AMH, or anti-mullerian hormone is a substance that is produced by granulosa cells in ovarian follicles. It is first made in primary follicles after they advance from the primordial follicle stage. At these stages the follicles are microscopic in size and can not be seen by ultrasound. Anti mullerian hormone has also been referred to (mostly in the past) as "mullerian inhibiting substance", or MIS.
AMH production is highest in the preantral and small antral stages (less than 4mm diameter) of follicle development. Production decreases and then stops as the follicles grow larger. There is almost no AMH made in human follicles over 8mm in size. Because of this, the levels are quite constant and the AMH test can be done on any day of a woman's cycle.
AMH and fertility
How can AMH hormone levels be a fertility test?
Since AMH is produced only in small ovarian follicles, blood levels of this substance have been used to attempt to measure the size of the pool of growing follicles in women.
Research shows that the size of the pool of growing follicles is heavily influenced by the size of the pool of remaining primordial follicles (microscopic follicles in "deep sleep"). Therefore, AMH blood levels are thought to reflect the size of the remaining egg supply - or ovarian reserve.
With increasing female age the size of their pool of remaining microscopic follicles decreases. Likewise, their blood AMH levels and the number of ovarian antral follicles visible on ultrasound also decreases. Women with many small follicles, such as those with polycystic ovaries have high AMH hormone values and women that have few remaining follicles and those that are close to menopause have low anti-mullerian hormone levels.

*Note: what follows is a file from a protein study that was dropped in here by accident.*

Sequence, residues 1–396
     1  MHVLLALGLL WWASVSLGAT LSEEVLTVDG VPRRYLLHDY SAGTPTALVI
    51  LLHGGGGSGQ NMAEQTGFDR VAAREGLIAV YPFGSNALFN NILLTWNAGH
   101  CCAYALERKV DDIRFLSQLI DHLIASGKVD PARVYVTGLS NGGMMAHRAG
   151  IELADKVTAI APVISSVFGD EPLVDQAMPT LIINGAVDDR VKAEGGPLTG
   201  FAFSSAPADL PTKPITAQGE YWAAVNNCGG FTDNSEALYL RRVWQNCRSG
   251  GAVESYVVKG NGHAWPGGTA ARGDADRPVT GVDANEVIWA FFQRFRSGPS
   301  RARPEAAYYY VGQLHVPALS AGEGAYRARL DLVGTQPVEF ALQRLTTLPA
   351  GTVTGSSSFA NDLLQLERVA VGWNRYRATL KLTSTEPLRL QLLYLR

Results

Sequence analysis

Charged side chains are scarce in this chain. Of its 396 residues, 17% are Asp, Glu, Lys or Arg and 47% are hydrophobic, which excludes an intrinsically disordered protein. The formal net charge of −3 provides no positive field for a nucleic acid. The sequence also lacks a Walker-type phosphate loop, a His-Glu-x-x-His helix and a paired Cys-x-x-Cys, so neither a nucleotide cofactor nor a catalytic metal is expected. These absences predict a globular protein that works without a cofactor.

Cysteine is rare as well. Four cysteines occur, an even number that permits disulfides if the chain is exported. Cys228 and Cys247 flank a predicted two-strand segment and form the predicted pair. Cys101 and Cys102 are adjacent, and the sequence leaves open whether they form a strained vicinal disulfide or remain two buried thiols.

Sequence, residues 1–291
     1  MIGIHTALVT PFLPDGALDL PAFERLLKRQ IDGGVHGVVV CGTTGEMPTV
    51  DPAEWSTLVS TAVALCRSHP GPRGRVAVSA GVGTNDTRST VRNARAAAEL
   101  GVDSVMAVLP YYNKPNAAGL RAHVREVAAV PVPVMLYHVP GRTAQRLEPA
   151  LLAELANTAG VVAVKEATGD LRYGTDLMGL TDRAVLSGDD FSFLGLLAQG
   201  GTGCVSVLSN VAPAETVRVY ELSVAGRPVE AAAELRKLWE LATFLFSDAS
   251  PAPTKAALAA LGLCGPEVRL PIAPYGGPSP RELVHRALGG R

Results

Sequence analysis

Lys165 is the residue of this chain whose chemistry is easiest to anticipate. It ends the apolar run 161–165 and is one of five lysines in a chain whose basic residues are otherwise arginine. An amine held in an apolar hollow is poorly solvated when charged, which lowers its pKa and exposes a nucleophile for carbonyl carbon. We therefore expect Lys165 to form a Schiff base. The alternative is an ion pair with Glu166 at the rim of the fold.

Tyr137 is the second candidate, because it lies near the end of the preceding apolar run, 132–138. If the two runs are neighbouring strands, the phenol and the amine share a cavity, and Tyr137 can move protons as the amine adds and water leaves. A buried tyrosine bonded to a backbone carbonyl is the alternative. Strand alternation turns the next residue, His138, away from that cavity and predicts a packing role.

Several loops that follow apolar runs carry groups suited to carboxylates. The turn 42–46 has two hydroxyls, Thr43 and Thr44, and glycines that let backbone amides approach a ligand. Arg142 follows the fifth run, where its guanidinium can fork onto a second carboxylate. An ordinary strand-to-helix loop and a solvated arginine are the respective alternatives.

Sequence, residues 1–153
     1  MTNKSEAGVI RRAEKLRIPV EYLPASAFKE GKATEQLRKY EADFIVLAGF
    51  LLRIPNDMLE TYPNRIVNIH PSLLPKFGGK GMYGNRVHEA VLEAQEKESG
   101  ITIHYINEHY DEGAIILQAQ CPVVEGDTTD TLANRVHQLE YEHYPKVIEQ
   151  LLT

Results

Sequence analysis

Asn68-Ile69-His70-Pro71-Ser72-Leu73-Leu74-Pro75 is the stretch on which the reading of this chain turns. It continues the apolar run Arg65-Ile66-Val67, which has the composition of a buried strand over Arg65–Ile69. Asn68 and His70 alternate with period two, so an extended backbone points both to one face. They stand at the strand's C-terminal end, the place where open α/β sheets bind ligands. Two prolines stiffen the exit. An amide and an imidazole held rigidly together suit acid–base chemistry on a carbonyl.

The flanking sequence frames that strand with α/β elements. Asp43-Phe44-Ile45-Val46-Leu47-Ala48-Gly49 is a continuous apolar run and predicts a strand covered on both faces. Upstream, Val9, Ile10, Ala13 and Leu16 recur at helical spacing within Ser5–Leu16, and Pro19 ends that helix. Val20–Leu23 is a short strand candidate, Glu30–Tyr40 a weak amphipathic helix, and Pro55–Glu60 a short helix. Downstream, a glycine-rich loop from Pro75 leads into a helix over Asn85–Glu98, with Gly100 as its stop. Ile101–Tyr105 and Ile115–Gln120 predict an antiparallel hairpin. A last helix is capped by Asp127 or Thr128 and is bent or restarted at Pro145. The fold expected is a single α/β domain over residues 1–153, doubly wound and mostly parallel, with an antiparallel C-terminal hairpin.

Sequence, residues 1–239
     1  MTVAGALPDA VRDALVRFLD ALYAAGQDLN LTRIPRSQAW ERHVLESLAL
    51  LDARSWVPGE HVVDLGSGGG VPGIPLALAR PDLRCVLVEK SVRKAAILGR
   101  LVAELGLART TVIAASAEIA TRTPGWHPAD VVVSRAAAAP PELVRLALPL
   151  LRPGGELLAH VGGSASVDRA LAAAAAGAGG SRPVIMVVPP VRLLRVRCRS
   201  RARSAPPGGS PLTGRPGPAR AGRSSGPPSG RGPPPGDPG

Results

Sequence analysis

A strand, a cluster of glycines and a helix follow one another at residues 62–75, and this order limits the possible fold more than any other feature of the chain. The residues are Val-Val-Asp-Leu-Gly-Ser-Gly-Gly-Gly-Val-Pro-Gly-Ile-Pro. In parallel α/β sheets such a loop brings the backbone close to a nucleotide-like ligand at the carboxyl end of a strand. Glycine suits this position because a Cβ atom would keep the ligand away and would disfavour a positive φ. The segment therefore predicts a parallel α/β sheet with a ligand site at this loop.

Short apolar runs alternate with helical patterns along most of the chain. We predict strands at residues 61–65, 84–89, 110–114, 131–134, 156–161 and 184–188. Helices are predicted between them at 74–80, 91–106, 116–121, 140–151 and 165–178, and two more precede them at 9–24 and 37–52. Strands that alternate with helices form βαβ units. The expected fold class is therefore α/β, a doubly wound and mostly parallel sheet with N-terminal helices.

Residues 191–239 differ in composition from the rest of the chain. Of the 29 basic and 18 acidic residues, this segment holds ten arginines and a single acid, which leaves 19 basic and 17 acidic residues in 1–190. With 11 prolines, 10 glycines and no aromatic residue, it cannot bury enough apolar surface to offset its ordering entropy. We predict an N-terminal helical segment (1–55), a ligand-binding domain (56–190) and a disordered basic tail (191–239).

AMH levels and pregnancy chances with in vitro fertilization
Women with higher AMH values will tend to have better response to ovarian stimulation for IVF and have more eggs retrieved. In general, having more eggs with IVF gives a higher success rate. We do not have a lot of data yet on what to tell couples going through IVF about their AMH results and chances for conception. However, the table below shows ranges for AMH levels and some information about interpretation.
AMH levels probably do not reflect egg quality, but having more eggs at egg retrieval gives us more to work with - so we are more likely to have at least one high quality embryo available for transfer back to the female partner's uterus.
What is a normal AMH level?
Interpretation of anti-mullerian hormone levels and chances for conception
There are some problems involved with interpretation of AMH hormone levels. Because the test has not been in routine use for many years, the levels considered to be "normal" are not yet clarified and agreed on by the experts. Also, not all current commercial assays give equivalent results.
The table below has AMH interpretation guidelines from the fertility literature and our own experience. Do not get carried away with the cutoff values shown here. For example, the difference between a 0.6 and a 0.7 ng/ml test result puts a woman in a "different box" in this table - but there is very little real difference in fertility potential. In reality, it is a continuum - and not something that categorizes well.
InterpretationAMH Blood Level
High (often PCOS)Over 3.0 ng/ml
NormalOver 1.0 ng/ml
Low Normal Range0.7 - 0.9 ng/ml
Low0.3 - 0.6 ng/ml
Very LowLess than 0.3 ng/ml
More will be learned regarding anti-mullerian hormone levels and outcomes as we continue to use the AMH fertility test and study the relationship between AMH hormone values and fertility, ovarian responsiveness, chances for IVF success, etc.
Ovarian reserve testing methods
Anti mullerian hormone is one potential test of ovarian reserve. There are several more tests that are currently used for evaluation of the remaining egg supply. None of the tests are perfect, and fertility specialists will often use a combination of tests to try to get a better estimate of the size of the remaining egg supply.